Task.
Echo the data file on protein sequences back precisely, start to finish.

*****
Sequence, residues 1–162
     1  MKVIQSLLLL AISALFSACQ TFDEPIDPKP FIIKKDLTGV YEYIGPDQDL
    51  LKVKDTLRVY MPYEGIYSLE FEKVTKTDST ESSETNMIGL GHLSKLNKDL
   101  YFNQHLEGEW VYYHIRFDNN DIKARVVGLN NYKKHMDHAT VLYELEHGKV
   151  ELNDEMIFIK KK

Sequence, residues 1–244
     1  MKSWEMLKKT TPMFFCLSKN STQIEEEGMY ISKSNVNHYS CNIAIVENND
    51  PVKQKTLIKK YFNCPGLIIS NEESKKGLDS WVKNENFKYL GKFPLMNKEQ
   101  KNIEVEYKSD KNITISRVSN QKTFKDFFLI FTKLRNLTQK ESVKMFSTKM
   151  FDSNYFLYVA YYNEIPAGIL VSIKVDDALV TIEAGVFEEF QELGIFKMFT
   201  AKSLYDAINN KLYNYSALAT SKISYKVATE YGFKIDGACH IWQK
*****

Sequence, residues 1–162
     1  MKVIQSLLLL AISALFSACQ TFDEPIDPKP FIIKKDLTGV YEYIGPDQDL
    51  LKVKDTLRVY MPYEGIYSLE FEKVTKTDST ESSETNMIGL GHLSKLNKDL
   101  YFNQHLEGEW VYYHIRFDNN DIKARVVGLN NYKKHMDHAT VLYELEHGKV
   151  ELNDEMIFIK KK

Sequence, residues 1–244
     1  MKSWEMLKKT TPMFFCLSKN STQIEEEGMY ISKSNVNHYS CNIAIVENND
    51  PVKQKTLIKK YFNCPGLIIS NEESKKGLDS WVKNENFKYL GKFPLMNKEQ
   101  KNIEVEYKSD KNITISRVSN QKTFKDFFLI FTKLRNLTQK ESVKMFSTKM
   151  FDSNYFLYVA YYNEIPAGIL VSIKVDDALV TIEAGVFEEF QELGIFKMFT
   201  AKSLYDAINN KLYNYSALAT SKISYKVATE YGFKIDGACH IWQK